Invoices become time-barred at a certain period. This means that at a certain period, you can no longer enforce payment through legal action. That is why you should always keep a close eye on the limitation period.
A practical example
Business claims in Germany are often subjected to a period of 3 years. The limitation period in Germany commences at the end of the year the claim arises.
Suppose you deliver goods to a customer. On 1 April 2017, you send the corresponding invoice, with a payment term of 30 days. Your customer subsequently fails to pay. The due date of the invoice is 1 May 2017. The limitation period then begins on 31 December 2017 and lasts for 3 years. On 31 December 2020, your invoice is therefore time-barred.
Interrupting the German limitation period
You can prevent the limitation period of your invoice by interrupting it. By interrupting the limitation period, you put the limitation period on hold. In Germany, the limitation period can only be interrupted by starting legal proceedings.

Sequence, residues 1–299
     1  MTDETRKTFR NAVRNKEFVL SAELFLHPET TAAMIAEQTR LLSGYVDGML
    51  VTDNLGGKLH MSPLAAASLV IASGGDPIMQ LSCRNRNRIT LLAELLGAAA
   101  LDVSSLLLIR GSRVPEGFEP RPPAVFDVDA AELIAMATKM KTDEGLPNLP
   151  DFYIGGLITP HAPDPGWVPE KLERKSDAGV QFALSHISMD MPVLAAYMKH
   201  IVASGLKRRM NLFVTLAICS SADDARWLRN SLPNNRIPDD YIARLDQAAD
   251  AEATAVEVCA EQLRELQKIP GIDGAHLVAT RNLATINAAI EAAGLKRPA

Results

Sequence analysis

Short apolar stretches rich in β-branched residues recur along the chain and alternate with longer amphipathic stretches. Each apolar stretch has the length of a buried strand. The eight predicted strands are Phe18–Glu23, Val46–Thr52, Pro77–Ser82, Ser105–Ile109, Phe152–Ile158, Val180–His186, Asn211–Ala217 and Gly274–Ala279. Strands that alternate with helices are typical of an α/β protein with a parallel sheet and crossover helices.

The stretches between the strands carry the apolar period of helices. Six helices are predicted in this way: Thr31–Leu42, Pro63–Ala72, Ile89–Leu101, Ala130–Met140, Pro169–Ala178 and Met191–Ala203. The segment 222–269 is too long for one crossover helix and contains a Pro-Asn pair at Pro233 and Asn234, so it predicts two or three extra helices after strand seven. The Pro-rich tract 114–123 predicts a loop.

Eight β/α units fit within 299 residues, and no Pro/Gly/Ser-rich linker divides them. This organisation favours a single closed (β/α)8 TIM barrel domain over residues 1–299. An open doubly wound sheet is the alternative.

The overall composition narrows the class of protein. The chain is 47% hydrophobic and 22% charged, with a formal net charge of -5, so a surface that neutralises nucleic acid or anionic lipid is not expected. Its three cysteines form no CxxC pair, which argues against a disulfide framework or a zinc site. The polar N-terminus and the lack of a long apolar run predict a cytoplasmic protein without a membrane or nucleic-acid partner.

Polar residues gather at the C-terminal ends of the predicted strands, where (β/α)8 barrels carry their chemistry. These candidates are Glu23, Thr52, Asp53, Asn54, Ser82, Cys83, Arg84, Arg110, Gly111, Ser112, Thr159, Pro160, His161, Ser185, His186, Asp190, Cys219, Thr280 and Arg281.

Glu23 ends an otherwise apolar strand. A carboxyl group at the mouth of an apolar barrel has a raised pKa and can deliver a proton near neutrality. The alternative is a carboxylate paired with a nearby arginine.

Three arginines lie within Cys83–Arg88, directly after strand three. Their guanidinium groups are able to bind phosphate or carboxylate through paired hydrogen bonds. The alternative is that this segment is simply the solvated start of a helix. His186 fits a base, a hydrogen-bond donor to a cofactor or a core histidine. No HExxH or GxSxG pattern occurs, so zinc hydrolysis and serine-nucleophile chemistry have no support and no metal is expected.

Exceptions to the limitation period
The limitation period of 3 years applies to regular business claims. However, the limitation period in Germany may differ according to different areas of law. For example, under transport law, claims have a limitation period of 1 year throughout Europe.
Under German law, different limitation periods may also apply. For example, in the case of labour contracts that involve the production and maintenance of goods, the limitation period of 2 years applies. On the other hand, in the case of construction contracts relating to buildings, a limitation period of 5 years applies. With different limitation periods, is it best to consult a specialist who can explain the conditions that hold according to your case.
Limitation periods are not always as straightforward in Germany. If you would like to know what this means for your case or how you can interrupt the limitation period, feel free to contact our German debt collection lawyers.